As primarily an e-commerce business model, Getty Images (and other advanced tech oriented content businesses....like microstock) wants to work with those who will work with them. A shake-out because of the contract could be affordable in Getty’s eyes due to the management changes seen in these kinds of businesses. Only premium levels of contributors and the emerging contributors see much management action and continued sustained effort to be retained. This whole business model could be drag dropped into the commercial photographic industry as a whole post-2008 fallout. The middle class sector of professional photography is harder than ever to be a participant in. That’s a market shift, not specifically a Getty shift; though certainly...we do have a chicken vs. egg syndrome here given the sheer size of these content platforms now. That too has been widely documented since the recession, as analysts see the power of distribution platforms to the future of internet sharing and sales.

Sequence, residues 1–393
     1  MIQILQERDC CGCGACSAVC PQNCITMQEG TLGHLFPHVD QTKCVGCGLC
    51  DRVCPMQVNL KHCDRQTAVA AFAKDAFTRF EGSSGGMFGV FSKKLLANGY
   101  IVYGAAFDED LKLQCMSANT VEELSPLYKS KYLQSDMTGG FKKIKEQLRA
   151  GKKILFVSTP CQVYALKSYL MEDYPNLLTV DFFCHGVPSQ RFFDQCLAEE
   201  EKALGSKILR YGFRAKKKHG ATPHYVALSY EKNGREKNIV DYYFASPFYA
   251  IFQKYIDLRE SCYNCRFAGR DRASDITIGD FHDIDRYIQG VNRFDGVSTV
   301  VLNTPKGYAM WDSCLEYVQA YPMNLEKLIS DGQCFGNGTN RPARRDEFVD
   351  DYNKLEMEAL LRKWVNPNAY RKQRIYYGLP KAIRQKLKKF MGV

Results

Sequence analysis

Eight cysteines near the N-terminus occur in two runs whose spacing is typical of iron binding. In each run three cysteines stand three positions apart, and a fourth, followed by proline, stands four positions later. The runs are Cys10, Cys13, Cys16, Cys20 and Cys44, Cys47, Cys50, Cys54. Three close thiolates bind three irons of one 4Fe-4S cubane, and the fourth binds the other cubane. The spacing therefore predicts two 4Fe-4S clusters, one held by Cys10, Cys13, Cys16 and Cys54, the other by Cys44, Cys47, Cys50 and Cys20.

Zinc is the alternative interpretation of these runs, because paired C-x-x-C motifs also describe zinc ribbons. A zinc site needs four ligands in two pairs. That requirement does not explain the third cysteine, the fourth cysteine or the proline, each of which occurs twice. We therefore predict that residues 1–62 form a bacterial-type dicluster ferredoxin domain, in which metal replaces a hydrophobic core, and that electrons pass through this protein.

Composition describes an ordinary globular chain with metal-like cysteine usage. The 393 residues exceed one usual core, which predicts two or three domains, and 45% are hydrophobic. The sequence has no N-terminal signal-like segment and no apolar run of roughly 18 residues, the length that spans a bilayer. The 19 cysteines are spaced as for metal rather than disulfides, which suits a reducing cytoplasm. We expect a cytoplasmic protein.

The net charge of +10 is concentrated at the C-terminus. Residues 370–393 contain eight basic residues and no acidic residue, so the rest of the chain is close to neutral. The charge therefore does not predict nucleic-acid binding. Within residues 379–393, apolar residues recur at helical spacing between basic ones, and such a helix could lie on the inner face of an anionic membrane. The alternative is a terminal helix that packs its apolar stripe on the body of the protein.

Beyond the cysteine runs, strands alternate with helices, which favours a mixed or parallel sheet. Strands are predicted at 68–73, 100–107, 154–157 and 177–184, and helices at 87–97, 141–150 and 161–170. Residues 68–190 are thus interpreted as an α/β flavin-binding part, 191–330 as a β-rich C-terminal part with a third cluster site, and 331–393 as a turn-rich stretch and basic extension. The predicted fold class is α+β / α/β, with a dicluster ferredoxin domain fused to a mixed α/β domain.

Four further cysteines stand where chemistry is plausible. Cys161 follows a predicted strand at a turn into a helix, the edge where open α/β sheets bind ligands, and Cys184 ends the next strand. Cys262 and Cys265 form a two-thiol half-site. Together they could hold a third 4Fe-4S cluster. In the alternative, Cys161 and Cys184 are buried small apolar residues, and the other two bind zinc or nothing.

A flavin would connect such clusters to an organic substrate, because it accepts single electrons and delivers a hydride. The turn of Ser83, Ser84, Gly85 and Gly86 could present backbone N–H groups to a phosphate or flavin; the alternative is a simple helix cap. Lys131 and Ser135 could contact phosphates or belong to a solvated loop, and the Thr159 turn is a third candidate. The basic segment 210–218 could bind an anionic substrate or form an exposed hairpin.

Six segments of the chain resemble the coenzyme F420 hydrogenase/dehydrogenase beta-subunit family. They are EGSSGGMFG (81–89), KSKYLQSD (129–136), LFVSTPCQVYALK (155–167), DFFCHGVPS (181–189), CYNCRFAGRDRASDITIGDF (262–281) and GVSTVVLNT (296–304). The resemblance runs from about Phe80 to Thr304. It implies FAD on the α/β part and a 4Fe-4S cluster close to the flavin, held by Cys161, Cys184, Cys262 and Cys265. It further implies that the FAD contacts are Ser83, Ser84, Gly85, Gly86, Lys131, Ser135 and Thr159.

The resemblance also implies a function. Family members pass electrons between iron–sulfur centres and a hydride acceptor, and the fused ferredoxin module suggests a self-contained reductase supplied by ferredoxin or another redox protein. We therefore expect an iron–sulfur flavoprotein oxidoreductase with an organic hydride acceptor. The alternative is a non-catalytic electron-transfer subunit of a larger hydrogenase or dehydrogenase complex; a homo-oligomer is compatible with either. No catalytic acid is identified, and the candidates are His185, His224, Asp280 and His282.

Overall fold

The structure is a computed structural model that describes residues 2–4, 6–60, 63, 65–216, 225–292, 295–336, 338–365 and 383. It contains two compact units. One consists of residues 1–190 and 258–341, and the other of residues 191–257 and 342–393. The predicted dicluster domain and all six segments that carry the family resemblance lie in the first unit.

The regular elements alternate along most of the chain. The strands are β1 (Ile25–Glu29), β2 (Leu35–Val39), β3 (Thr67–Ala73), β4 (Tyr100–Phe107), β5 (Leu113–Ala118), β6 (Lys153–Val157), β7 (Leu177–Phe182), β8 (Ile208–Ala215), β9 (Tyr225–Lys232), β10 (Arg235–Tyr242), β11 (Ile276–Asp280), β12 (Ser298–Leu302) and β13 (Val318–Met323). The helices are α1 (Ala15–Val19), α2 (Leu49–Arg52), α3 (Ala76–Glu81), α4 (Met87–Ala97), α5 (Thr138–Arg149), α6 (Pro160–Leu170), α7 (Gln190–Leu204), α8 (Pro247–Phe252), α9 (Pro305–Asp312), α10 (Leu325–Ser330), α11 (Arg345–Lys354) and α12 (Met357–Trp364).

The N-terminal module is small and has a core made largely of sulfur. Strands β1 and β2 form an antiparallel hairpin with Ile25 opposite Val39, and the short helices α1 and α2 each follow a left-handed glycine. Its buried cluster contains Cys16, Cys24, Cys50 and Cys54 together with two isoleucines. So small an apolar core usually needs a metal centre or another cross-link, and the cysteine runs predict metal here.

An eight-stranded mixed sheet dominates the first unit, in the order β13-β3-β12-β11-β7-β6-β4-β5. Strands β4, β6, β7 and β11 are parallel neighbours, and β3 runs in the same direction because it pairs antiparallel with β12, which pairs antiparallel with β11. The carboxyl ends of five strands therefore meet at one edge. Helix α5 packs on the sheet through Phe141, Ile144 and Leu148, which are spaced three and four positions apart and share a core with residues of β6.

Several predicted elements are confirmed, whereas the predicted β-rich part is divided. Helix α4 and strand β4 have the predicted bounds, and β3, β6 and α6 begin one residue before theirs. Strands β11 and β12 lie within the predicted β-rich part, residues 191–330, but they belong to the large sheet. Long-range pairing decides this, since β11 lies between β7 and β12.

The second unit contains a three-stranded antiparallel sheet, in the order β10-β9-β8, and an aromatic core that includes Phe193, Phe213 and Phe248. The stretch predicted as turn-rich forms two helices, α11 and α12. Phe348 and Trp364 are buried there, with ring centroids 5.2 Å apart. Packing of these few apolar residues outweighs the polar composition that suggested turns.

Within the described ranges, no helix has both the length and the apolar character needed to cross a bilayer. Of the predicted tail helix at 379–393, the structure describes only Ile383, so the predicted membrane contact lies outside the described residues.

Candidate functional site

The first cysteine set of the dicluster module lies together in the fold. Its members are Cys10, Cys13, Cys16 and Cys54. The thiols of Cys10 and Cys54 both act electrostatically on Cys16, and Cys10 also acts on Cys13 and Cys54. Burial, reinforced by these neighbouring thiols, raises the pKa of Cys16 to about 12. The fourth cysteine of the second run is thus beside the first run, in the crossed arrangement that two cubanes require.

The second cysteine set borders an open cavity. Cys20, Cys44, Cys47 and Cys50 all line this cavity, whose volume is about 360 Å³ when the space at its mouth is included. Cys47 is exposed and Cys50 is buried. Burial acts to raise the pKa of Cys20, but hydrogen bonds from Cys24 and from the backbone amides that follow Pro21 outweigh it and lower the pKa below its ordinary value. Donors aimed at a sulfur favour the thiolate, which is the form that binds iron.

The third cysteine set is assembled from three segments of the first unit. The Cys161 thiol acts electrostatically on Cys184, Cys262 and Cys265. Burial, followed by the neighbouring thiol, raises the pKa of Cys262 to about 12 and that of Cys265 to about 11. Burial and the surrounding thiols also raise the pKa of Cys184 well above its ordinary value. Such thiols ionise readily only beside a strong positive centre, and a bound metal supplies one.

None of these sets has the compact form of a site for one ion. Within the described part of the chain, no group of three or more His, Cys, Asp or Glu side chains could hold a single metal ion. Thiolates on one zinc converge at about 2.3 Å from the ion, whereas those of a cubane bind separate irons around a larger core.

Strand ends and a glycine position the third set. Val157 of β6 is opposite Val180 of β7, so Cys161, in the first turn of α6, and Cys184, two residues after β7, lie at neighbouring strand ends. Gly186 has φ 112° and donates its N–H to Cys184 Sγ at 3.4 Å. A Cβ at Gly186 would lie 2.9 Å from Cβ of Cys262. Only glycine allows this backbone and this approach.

Getty Images Purchases PicScout:
Strategically, we have more information now this week about where Getty Images might be headed : the control of online content licensing in an unprecedented way.

Theoretically with the purchase of PicScout, not only does Getty reduce its long term costs to pay PicScout as a service provider, it can also infuse that business model with the capital needed to move it from tracking RM imagery alone online, to potentially tracking every piece of content.

Getty’s new contract seeks to clean-out the licensing channels for more stratified search, and on the back-end it can use PicScout technology (should it deem to invest) to move it towards a monopolistic position to capitalize on stolen imagery in all licensing forms online which are either house collections or 3rd Party collections on the Getty Images site...worldwide.

PicScout is not alone. There are about eight companies worldwide that have “fingerprint” technology to track stolen image or logo content. Perhaps we will see increased growth in this area of lost monetization for the industry as a whole.